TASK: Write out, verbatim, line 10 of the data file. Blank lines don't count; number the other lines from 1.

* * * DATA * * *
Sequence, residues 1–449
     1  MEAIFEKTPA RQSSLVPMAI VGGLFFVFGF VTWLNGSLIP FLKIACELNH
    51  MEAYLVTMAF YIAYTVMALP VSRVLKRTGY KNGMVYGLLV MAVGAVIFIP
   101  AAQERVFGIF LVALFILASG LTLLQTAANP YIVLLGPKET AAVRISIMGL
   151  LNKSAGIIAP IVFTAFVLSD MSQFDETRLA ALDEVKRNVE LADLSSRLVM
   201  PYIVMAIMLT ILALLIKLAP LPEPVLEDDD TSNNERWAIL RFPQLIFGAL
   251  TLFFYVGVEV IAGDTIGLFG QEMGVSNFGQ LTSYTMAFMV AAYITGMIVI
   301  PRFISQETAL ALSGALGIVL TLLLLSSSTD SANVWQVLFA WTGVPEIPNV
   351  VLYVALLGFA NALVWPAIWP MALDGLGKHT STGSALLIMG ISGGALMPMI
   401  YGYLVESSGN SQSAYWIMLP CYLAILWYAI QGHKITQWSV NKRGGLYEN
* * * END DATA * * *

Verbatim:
   401  YGYLVESSGN SQSAYWIMLP CYLAILWYAI QGHKITQWSV NKRGGLYEN